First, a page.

A federal court in New Orleans is preparing for one of the largest and most complex environmental lawsuits ever to come to court. It stems from the worst oil disaster in U.S. history: the explosion of the Deepwater Horizon rig nearly two years ago and the resulting oil gusher in the Gulf of Mexico.
Testimony is scheduled to begin at the end of the month. The case combines more than 500 lawsuits in one proceeding designed to determine who's responsible for what went wrong.
On Aug. 5, a federal jury handed down one of the most sweeping verdicts in the modern history of American police brutality cases. Five New Orleans police officers were convicted of various roles in gunning down civilians in the days after Hurricane Katrina, and then covering it up. Five other officers pleaded guilty.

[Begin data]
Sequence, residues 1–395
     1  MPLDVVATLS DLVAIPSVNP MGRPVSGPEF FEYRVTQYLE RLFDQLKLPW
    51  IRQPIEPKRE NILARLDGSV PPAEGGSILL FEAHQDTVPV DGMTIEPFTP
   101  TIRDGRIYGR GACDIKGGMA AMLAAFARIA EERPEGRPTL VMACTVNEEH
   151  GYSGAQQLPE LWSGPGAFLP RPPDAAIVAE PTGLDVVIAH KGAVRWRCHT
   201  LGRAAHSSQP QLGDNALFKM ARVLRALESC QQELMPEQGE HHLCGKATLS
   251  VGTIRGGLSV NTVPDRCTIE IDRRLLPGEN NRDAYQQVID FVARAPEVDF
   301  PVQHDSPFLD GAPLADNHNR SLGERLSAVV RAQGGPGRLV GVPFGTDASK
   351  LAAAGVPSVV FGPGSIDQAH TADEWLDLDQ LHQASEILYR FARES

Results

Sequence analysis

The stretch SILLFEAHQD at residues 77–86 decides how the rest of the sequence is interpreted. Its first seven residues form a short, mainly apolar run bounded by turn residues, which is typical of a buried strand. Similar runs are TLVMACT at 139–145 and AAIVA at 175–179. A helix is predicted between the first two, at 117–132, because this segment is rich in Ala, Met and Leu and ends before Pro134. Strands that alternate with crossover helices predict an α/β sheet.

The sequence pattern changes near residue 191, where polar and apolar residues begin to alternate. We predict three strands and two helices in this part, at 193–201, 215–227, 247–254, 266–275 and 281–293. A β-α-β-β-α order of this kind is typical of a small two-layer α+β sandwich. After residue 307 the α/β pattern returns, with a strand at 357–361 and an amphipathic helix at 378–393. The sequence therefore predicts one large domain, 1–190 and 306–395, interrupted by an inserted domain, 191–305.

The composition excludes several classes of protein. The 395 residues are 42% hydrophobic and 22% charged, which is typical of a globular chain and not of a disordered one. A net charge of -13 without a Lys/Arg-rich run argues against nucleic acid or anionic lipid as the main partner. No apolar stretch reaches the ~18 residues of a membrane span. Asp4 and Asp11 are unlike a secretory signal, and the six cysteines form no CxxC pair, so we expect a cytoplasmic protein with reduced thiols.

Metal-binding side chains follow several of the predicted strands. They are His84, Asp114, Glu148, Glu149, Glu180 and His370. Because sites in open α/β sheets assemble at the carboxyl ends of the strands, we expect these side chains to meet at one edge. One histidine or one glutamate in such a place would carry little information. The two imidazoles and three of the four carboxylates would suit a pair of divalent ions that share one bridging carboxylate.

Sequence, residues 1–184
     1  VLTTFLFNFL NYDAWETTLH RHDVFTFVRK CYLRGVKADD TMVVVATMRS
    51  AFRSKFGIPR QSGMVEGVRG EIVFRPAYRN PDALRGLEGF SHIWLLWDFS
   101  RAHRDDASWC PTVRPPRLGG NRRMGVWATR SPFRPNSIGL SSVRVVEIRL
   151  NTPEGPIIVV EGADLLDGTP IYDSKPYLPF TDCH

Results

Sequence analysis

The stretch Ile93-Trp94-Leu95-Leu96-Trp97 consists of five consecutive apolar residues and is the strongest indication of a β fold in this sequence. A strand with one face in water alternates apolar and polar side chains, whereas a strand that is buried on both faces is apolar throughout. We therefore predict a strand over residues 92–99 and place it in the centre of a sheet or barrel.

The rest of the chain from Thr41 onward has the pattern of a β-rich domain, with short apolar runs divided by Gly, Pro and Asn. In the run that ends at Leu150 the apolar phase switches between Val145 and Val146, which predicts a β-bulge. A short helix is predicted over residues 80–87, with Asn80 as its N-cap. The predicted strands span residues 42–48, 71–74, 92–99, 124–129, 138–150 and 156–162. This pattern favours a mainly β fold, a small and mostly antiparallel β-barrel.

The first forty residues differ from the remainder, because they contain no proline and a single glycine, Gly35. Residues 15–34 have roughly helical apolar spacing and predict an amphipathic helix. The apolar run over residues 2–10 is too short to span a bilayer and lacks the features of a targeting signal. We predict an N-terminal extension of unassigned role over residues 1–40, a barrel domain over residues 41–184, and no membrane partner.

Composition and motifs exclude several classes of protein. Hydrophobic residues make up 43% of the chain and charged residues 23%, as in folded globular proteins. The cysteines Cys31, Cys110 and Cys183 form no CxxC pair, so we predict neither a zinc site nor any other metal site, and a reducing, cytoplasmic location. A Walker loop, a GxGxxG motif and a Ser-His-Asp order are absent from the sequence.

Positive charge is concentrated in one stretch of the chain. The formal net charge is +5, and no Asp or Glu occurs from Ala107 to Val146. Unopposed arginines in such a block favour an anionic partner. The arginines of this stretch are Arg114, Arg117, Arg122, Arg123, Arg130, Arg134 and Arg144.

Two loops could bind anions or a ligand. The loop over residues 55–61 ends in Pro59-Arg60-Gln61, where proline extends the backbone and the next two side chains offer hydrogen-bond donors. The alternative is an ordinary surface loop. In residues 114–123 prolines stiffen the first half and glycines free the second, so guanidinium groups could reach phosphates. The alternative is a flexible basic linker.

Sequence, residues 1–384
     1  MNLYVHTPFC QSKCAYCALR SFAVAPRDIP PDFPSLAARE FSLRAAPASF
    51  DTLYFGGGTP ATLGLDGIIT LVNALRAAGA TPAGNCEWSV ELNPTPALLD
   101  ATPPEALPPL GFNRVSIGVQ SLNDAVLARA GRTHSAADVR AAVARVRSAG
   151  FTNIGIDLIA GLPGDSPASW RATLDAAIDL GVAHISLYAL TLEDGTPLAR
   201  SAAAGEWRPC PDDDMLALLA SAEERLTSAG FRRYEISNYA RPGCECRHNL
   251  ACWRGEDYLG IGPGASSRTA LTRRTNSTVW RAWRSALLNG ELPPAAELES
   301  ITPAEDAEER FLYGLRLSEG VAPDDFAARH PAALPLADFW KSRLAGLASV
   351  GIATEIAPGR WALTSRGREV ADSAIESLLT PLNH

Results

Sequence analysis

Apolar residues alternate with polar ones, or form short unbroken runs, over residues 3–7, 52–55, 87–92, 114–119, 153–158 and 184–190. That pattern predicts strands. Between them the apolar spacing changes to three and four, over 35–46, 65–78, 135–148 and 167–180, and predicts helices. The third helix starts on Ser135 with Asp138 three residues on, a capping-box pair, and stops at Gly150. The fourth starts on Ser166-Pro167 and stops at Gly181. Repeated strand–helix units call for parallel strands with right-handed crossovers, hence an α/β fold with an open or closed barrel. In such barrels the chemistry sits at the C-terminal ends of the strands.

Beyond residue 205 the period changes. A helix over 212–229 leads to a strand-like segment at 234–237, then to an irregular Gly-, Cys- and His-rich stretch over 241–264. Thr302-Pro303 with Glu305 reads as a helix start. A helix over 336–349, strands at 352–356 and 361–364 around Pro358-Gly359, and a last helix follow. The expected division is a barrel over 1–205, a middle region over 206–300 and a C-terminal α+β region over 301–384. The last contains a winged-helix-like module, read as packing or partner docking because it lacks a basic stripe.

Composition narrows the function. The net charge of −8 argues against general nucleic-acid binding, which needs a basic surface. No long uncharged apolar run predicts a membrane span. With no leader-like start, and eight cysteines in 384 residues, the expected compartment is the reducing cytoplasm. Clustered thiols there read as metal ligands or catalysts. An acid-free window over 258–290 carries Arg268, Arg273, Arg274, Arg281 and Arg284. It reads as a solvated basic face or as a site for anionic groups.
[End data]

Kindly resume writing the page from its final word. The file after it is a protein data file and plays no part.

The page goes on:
The Danziger Bridge case, as it's called, adds momentum to a reform effort already under way. The Department of Justice says it's committed to cleaning up the New Orleans Police Department, once and for all.
Originally published on Tue September 17, 2013 5:27 pm
A federal jury found five former New Orleans police officers guilty of civil rights violations in connection to the shooting deaths of two men on the Danziger Bridge in New Orleans. The shootings took place during the chaotic aftermath of Hurricane Katrina.
The AP reports:
"All five officers were convicted Friday of charges stemming from the cover-up of the shootings. The four who had been charged with civil rights violations in the shootings were convicted on all counts.
"However, the jury decided that neither fatal shooting was a murder.
Nearly six years later, the real story of what happened on the Danziger Bridge may finally come out.
On Wednesday, the biggest policeabuse case in the modern history of the New Orleans Police Department gets under way. Federal prosecutors allege police officers shot and killed two unarmed civilians fleeing the floodwaters of Hurricane Katrina and maimed four others. Afterward, prosecutors claim, the police engaged in an elaborate cover-up to make it look like self-defense.